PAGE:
His post about PID tuning is quite interesting. He removed two of the motors and mounted those opposite ends of the chassis to a hinged stand. This let him tweak the feedback loop until the two remaining propellers were able to maintain balance even when he nudged the unit.
His test flight footage is accompanied by an on-board camera shot. He simply taped a smart phone to the battery and let it roll. Make sure you turn off your speakers before watching this one or the motor noise will let the boss know you’re reading Hackaday again instead of working.
Continue reading “Climbing the mountain of quadcopter design”
[Charles] wrote in to share the project he just built for the London Hackerspace. He calls it CoolBot, and as the name indicates it’s responsible for keeping the laser cutter from overheating.
At its heart the system is a water pump. It uses a plastic storage container as a reservoir, with an outfeed from the laser tube coming in the top of the lid. [Charles] mounted a temperature sensor using a 3D printed part to anchor it in the center of the return stream. An Arduino clone uses this sensor, as well as ambient room temperature and laser tube temperature sensors to decide when to switch on the cooling pump. As with any hackerspace add-on, this wouldn’t be complete without Internet connectivity so he included an Ethernet shield in the project box. Speaking of, that box uses panel-mount connectors to keep dust and water away from the electronics. But the lid of the controller box also includes a character LCD for quick reference.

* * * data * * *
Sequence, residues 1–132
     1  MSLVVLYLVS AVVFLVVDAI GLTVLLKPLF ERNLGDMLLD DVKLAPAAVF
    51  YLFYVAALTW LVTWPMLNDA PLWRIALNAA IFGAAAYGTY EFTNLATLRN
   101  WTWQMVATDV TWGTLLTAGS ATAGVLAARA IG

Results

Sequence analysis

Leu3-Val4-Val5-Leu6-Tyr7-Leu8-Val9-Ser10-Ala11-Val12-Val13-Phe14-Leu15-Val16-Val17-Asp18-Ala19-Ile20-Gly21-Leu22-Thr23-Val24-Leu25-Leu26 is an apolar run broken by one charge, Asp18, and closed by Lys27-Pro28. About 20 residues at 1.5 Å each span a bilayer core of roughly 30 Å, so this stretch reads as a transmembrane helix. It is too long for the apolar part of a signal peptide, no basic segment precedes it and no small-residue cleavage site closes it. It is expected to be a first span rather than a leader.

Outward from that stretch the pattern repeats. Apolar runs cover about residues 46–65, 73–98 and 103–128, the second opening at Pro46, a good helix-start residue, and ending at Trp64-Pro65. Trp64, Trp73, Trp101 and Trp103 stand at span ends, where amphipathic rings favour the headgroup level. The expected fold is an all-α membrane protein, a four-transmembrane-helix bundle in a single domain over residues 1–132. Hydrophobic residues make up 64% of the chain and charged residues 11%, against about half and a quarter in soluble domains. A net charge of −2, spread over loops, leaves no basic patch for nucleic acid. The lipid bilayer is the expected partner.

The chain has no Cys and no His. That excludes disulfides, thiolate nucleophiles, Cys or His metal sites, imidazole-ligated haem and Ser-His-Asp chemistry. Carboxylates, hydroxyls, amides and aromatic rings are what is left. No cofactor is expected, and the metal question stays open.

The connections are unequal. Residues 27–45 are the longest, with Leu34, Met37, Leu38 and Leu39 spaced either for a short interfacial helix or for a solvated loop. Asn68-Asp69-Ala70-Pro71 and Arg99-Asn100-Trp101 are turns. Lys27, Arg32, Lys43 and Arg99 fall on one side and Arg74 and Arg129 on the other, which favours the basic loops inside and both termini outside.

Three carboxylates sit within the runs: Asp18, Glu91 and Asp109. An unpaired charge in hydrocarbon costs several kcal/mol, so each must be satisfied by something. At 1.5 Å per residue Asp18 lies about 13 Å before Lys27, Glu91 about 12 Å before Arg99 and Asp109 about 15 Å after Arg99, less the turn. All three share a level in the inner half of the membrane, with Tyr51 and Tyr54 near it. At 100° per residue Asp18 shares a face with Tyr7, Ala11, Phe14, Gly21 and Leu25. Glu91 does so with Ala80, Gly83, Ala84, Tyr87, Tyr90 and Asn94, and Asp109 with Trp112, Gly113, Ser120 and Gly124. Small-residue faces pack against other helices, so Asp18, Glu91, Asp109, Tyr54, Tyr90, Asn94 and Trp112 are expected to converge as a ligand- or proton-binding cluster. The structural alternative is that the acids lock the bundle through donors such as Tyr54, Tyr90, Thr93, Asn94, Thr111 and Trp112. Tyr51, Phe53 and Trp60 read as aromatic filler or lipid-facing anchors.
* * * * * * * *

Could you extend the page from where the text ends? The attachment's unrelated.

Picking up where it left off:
Don’t miss [Charles’] explanation of the system in the video after the break.
Continue reading “CoolBot keeps your laser cutter from overheating”
Hopefully you’re not on a network that blocks YouTube, because we’re sharing videos that show off three different projects. Alas, they don’t give any details about the development process, but we think you’ll like seeing the end results just the same.
First up is a Stirling engine. This one is pretty serious business, with machined parts making up the alcohol-lamp powered engine [Thanks Pete]. This is much more elegant than the tuna can version from last month.
Bust out your Arduino and give theoriginal video game a go. This game of Pong is played on an oscilloscope using two micro-trimpots. To make it happen a pair of MCP4901 DAC chips are feeding the probes.
While you’ve got that friendly blue breakout board out, might as well grab a set of old foppy drives. Here is an eight-channel version of the James Bond theme [via Technabob]. Unlike the sampler from the other week, this one uses the stepper motor noise to create sweet music.
Take a few minutes and watch [atlas of d00m], at Shmoocon 2012, presenting information about using the RF dongle from the Chronos to explore ISM bands. Admittedly, I’m not very familiar with many of the things he discusses, but the words make sense. The bits and pieces I am familiar enough with to comprehend are truly fascinating. He covers typical methods of RF modulation as well as some hardware specific information to that dongle.
If you have a few minutes, or want more security related stuff, check out all the coverage from Shmoocon 2012. Tons of great videos here.
Continue reading “Hacking the Chronos and exploring the ISM bands”